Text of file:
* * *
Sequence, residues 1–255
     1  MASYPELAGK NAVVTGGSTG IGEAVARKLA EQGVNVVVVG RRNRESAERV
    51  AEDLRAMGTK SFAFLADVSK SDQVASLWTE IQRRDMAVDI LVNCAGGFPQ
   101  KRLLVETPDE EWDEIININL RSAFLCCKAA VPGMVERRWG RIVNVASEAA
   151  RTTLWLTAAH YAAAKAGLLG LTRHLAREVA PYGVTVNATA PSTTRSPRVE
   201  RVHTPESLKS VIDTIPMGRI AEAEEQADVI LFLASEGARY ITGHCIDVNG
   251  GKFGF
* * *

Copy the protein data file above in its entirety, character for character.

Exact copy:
Sequence, residues 1–255
     1  MASYPELAGK NAVVTGGSTG IGEAVARKLA EQGVNVVVVG RRNRESAERV
    51  AEDLRAMGTK SFAFLADVSK SDQVASLWTE IQRRDMAVDI LVNCAGGFPQ
   101  KRLLVETPDE EWDEIININL RSAFLCCKAA VPGMVERRWG RIVNVASEAA
   151  RTTLWLTAAH YAAAKAGLLG LTRHLAREVA PYGVTVNATA PSTTRSPRVE
   201  RVHTPESLKS VIDTIPMGRI AEAEEQADVI LFLASEGARY ITGHCIDVNG
   251  GKFGF